Gentleman's Magazine: The British Governments in Nth America Laid down agreeable to the Proclamation of Octr. 7, 1763 [Large Bermuda Inset]

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48702.jpg

Gentleman's Magazine: The British Governments in Nth America Laid down agreeable to the Proclamation of Octr. 7, 1763 [Large Bermuda Inset]

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Date: Initially published in 1763

Condition:  

Description: British North America as it appeared following the Treaty of Paris (which in 1763 ended the Seven Years’ War between England and France), accompanied by a prominent inset of “Bermuda or Summer Islands.”

Map taken from: Gentleman’s Magazine

Cartographer: inset of Bermuda: John Gibson (d.1792)

This rare and unique depiction of British North America as it appeared following the Treaty of Paris (which in 1763 ended the Seven Years’ War between England and France), accompanied by a prominent inset of “Bermuda or Summer Islands,” was initially published in the December 1763 issue of Gentleman’s Magazine, the first periodical in the English-speaking world to use the term ‘magazine’ in a self-descriptive fashion, and the first to provide monthly news and commentary on topics of general interest to the educated public. Published continuously for nearly two centuries following its founding in 1731 by the pioneering London publisher Edward Cave, Gentleman’s Magazine frequently enlisted contributions from London’s finest writers of that era, including Samuel Johnson and Jonathan Swift. The magazine helped to initiate the use of maps as visual aids for articles, employing them to delineate wartime battle lines, chronicle long voyages, and provide pertinent information about areas with which Britain’s economic interests coincided. Several of England’s leading cartographers were associated with the publication, including Thomas Jefferys — the official geographer to King George lll and arguably the most important British map-maker of his day.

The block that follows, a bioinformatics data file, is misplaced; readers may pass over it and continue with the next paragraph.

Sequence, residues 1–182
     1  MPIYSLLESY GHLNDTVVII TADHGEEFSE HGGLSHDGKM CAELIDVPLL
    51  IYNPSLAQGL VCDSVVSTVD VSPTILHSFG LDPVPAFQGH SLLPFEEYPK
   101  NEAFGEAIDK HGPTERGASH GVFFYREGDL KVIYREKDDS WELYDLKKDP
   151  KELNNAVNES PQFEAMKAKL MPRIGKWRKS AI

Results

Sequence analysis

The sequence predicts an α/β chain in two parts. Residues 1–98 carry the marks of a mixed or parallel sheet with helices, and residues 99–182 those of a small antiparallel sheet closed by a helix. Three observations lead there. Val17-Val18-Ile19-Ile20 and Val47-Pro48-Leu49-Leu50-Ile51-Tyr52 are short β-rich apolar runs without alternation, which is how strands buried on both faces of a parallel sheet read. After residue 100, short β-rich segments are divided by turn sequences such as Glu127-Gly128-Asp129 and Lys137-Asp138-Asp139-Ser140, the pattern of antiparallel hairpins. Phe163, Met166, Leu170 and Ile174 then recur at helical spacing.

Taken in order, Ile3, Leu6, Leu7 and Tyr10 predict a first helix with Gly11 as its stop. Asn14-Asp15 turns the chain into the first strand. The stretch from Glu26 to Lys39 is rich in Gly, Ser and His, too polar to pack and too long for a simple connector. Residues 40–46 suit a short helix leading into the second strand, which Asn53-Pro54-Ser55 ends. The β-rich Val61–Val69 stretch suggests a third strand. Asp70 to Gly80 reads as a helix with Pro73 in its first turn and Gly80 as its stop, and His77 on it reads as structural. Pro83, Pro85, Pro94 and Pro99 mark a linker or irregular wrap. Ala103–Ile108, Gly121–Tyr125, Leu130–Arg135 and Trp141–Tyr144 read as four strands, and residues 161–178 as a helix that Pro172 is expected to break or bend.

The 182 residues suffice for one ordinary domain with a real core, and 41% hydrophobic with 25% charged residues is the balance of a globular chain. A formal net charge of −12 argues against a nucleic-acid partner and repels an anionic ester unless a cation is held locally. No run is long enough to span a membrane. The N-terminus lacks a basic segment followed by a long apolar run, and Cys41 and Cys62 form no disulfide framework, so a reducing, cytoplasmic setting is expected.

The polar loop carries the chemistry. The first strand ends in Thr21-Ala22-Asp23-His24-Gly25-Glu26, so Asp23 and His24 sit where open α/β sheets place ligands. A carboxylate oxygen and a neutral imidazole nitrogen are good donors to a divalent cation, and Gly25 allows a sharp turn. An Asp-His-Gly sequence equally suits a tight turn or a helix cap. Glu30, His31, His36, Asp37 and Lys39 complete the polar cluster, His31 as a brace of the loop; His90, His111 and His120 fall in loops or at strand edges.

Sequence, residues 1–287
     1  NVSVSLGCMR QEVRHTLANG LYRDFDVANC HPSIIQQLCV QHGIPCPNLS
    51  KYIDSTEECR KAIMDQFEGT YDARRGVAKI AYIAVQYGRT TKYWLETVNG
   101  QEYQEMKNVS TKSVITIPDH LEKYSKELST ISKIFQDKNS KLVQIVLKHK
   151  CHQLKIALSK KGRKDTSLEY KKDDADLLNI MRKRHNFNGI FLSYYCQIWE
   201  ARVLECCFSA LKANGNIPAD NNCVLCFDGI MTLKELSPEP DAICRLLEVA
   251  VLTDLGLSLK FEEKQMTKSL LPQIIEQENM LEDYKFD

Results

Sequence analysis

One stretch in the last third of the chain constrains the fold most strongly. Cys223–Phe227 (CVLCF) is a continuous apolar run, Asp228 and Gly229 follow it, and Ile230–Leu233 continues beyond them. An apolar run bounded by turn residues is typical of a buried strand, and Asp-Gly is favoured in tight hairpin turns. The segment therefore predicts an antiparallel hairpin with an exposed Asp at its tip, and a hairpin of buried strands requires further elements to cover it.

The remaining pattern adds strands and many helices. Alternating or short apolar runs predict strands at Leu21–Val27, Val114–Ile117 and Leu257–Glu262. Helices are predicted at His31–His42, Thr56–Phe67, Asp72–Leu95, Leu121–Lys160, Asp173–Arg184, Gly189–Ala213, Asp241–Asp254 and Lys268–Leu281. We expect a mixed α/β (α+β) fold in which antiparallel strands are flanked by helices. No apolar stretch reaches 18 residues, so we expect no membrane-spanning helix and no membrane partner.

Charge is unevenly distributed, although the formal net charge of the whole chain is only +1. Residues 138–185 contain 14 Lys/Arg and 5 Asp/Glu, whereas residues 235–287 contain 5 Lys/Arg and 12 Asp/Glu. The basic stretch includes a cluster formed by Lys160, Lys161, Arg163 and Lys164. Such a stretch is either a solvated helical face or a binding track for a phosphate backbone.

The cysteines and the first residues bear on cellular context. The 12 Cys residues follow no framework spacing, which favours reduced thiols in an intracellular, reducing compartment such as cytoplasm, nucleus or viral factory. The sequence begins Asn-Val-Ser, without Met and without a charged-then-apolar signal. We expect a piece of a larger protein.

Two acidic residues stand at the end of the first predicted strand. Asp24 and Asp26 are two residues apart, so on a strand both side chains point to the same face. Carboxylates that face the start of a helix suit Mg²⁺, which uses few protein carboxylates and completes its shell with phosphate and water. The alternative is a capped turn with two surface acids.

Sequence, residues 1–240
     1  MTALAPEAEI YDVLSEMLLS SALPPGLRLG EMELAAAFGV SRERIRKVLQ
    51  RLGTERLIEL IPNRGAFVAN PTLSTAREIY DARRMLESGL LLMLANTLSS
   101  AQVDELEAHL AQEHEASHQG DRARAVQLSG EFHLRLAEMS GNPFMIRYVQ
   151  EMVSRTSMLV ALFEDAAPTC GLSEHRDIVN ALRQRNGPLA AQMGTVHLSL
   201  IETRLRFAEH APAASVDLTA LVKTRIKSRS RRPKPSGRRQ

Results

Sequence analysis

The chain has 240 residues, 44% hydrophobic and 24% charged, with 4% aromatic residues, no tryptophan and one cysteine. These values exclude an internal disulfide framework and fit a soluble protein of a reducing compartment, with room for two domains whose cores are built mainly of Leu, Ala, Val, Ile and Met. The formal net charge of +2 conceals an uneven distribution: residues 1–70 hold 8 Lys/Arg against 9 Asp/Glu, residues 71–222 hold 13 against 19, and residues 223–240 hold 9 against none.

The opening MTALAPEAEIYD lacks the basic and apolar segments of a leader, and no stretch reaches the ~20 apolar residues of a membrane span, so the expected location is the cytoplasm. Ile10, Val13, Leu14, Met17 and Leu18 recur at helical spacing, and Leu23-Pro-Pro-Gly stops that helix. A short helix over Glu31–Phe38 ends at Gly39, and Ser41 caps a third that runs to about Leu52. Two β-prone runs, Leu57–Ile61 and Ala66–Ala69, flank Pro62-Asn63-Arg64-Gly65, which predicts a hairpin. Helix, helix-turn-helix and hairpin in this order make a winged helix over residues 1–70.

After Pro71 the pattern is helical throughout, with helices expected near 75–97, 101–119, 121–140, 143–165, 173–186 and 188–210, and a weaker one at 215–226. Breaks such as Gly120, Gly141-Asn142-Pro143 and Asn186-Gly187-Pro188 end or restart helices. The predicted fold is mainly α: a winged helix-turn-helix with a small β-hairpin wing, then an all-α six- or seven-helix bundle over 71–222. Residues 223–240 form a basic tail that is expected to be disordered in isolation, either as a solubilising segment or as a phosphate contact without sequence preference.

The map’s continental component documents those territories formally ceded to Britain as part of the Treaty of Paris — most significantly Quebec and Florida — and freezes in time geographical allocations designed to maintain an uneasy truce, including a wide swath of land west of the Appalachian and Allegheny Mountains to be set aside for the Native Americans (several tribes of which are named on the map), as well as claims by the French to a vast portion of the continent's interior, a blueprint whose historical trajectory was upended by the imminent American Revolution. Of added interest is the map’s detailed archipelagic treatment of the islands off Florida’s coast, as well as the demarcation line west of Lake Superior showing the limits of the Hudson's Bay Company’s dominion.

The positioning of Bermuda as a key element in the map’s overall composition may be a reflection of the island’s growing strategic value at that time to the British government, which several decades hence would utilize the island’s location and harbors to such consequential effect in the War of 1812. The map’s large inset of Bermuda was engraved by the highly-skilled 18th century cartographer John Gibson, whose contemporaneous achievements included the widely-distributed Atlas Minimus (1758) and the extremely rare Map of the Chief Roads in England (1765).

Contemporary academic references cited relating to this map:

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